Someone was kind enough to send me this video from Our Voix, a project in India. In it, you see a couple of young people asking people if they know what childhood sexual abuse is, and a variety of questions about it. The interviews themselves are interesting, but what I found sort of profound was the wide variety of reactions to the questions. Some people were fairly well informed and somewhat comfortable talking about the topic, at least as comfortable as you can be when asked by a stranger on the street, while others were clearly not comfortable with the topic, and showed some classic symptoms of discomfort, like laughing, or speaking very haltingly, etc.
These reactions don’t surprise me. Just about anyone would take a minute to adjust to the topic when it came up anywhere, let alone while standing in a public square. However, this is something we tend to forget when it comes to disclosing our own stories of abuse to friends, family, and acquaintances. We forget to allow them those moments of discomfort and attribute their reactions as something personal. Most times, they are not a reaction to us and our story. It’s a measure of how comfortable they are with the idea of sexual abuse. The reality is that being asked what you know about it and taking the time to learn about it is actually rare. Most people would rather not think about it, and don’t, until they are forced to, usually by someone they care about sharing their story.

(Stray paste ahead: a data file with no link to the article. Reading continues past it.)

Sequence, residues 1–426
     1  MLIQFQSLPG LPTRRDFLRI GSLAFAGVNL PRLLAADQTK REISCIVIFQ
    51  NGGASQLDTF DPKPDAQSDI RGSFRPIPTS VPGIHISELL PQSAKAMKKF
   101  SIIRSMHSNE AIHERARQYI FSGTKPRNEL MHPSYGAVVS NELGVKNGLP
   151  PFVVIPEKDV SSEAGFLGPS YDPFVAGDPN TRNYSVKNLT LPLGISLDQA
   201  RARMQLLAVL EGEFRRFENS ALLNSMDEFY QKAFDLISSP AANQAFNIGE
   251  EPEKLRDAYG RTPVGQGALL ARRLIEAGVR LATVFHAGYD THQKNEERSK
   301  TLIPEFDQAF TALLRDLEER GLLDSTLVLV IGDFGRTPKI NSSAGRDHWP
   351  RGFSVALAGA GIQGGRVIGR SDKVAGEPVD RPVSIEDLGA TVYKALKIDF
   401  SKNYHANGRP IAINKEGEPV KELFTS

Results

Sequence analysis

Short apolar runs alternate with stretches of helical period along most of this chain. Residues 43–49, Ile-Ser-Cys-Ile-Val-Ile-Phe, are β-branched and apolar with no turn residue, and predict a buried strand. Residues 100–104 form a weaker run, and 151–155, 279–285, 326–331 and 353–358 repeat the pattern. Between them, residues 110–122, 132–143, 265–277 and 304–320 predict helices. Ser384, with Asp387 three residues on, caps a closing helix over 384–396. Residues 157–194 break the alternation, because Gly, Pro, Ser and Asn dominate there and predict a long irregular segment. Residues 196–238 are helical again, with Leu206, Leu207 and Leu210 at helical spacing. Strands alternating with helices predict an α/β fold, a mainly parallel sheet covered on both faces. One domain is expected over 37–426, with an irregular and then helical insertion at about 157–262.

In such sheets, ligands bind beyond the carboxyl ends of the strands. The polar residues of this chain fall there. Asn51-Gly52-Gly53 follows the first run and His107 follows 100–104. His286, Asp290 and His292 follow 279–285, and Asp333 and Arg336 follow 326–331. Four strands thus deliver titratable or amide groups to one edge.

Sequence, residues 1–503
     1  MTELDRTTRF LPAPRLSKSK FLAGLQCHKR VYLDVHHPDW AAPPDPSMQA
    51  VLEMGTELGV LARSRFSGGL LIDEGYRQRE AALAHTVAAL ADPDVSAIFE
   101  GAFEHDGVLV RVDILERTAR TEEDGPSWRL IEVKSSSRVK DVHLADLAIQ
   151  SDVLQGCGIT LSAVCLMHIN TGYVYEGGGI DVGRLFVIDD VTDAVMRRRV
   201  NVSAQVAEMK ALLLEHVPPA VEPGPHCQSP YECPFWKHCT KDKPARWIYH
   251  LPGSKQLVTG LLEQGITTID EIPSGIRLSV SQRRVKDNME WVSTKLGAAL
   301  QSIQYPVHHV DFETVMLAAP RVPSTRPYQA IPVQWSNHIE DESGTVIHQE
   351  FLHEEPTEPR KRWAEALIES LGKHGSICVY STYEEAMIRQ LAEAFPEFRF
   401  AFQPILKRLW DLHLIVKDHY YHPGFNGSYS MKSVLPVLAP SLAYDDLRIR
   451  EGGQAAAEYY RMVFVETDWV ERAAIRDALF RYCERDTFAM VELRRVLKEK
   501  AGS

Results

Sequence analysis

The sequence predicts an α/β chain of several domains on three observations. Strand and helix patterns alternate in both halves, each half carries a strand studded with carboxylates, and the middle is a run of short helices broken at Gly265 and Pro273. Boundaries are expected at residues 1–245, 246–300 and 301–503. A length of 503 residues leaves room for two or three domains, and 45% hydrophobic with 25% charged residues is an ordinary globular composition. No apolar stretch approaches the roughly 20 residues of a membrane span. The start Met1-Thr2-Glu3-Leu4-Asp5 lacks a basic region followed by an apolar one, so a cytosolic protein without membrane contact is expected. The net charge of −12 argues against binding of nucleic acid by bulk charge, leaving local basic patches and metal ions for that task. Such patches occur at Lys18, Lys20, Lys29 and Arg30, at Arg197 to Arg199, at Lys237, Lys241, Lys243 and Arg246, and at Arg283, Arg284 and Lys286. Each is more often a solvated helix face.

So please, if you decide to share your story with someone, remember to allow them their own reactions and their own discomfort. It might not feel great at the moment, but it’s an important step for them to take. And, as this video also points out, keep talking, because the more people know about it, maybe the less uncomfortable their reactions will be when other survivors try and tell their own stories for the first time.